- insatiability. Any sense of satisfaction from an achievement or recognition is short lived, if experienced at all. Our idealised image quickly creates relentless demands for more, for better, for faster. The escalation continues with hardly any respite.
- severe reactions to its frustration. Failure to live up to the standards we set ourselves may produce reactions well out of proportion to the actual importance of the occurrence. Whether panic, despair, humiliation or rage at self or others. The stronger the compulsive drive, the more intense the reaction to its frustration.
Healthy strivings arise from a propensity in each of us to develop our given potentialities. In contrast, compulsive drives, the search for glory, result from the need to live into an imagined and idealised image of ourself.
In practice we each fit somewhere along the continuum between healthy and compulsive. By looking within ourselves, we attempt to understand where the balance settles. To far toward the extremes noted above and we’re likely to be off course …
Reference: “Neurosis and Human Growth” by Karen Horney. Ch. 1 ‘The Search For Glory’
We meet every six weeks in a quiet Balmain pub lounge. Over the years we’ve mentored each other along our work and life paths. These are valuable friendships and conversations, our shared interest in encouraging each other toward full and happy lives. Soft conversations they are not.
Last meeting we added the spice of Chapter 6 from Karen Horneys ‘Neurosis & Human Growth’, material we each worked with through LF.
Ch 6. ‘Alienation From Self’ explores the process and costs of losing touch with our real self and invention of an idealised image. KH describes our real self as the “alive, unique, personal center of ourselves; the only part that can and wants to grow.” [p.155]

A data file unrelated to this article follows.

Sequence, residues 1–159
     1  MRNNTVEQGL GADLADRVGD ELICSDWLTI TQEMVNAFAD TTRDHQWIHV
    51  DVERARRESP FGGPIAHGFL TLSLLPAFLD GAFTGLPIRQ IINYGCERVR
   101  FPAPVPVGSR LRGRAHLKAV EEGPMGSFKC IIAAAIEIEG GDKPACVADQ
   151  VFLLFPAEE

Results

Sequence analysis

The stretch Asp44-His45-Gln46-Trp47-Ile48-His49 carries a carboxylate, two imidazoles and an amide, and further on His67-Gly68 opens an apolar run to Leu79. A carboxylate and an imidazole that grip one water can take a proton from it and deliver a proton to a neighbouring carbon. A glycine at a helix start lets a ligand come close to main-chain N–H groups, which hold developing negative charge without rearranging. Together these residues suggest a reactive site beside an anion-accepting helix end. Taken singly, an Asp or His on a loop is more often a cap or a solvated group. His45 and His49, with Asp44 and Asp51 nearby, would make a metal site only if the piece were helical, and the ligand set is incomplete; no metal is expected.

Five effects of alienation from real self are
- dimished capacity for and awareness of feelings (i.e. pride governs feelings)
- squandered energy (investing in idealised self rather than real self)
- reduced sense of direction of own life (driven by shoulds, compliance, compulsions)
- avoidance of self responsibility (vs recognition of self as is, willing to bear consequences of actions, realising it’s up to oneself to solve difficulties)
- undermining our integrative powers (reduced feeling of inner unity)
As we talked, we examined each of our stories and experiences in relation to these effects. Asking questions about our spontaneous feelings and thoughts, energy levels, motives and intentions. Conversations of rare quality.
Inevitably though, it is tricky separating the real from the imagined. Having peers reflect back their impression helps orientate your view. And yet in the end, each of us takes responsibility for what filters through and into our life.